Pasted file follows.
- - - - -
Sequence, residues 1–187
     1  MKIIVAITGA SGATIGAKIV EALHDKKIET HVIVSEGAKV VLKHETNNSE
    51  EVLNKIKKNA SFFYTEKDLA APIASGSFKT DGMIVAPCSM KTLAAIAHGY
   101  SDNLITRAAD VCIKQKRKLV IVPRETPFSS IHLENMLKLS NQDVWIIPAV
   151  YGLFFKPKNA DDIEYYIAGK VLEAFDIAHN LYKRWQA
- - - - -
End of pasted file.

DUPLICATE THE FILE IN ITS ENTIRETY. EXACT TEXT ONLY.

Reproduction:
Sequence, residues 1–187
     1  MKIIVAITGA SGATIGAKIV EALHDKKIET HVIVSEGAKV VLKHETNNSE
    51  EVLNKIKKNA SFFYTEKDLA APIASGSFKT DGMIVAPCSM KTLAAIAHGY
   101  SDNLITRAAD VCIKQKRKLV IVPRETPFSS IHLENMLKLS NQDVWIIPAV
   151  YGLFFKPKNA DDIEYYIAGK VLEAFDIAHN LYKRWQA